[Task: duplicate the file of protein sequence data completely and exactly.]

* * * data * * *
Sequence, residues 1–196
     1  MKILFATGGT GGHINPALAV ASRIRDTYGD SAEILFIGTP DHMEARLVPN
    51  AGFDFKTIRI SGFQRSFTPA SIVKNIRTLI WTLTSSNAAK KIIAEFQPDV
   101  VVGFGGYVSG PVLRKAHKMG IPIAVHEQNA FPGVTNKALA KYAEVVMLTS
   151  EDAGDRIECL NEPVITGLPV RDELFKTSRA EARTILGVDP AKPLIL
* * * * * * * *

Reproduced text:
Sequence, residues 1–196
     1  MKILFATGGT GGHINPALAV ASRIRDTYGD SAEILFIGTP DHMEARLVPN
    51  AGFDFKTIRI SGFQRSFTPA SIVKNIRTLI WTLTSSNAAK KIIAEFQPDV
   101  VVGFGGYVSG PVLRKAHKMG IPIAVHEQNA FPGVTNKALA KYAEVVMLTS
   151  EDAGDRIECL NEPVITGLPV RDELFKTSRA EARTILGVDP AKPLIL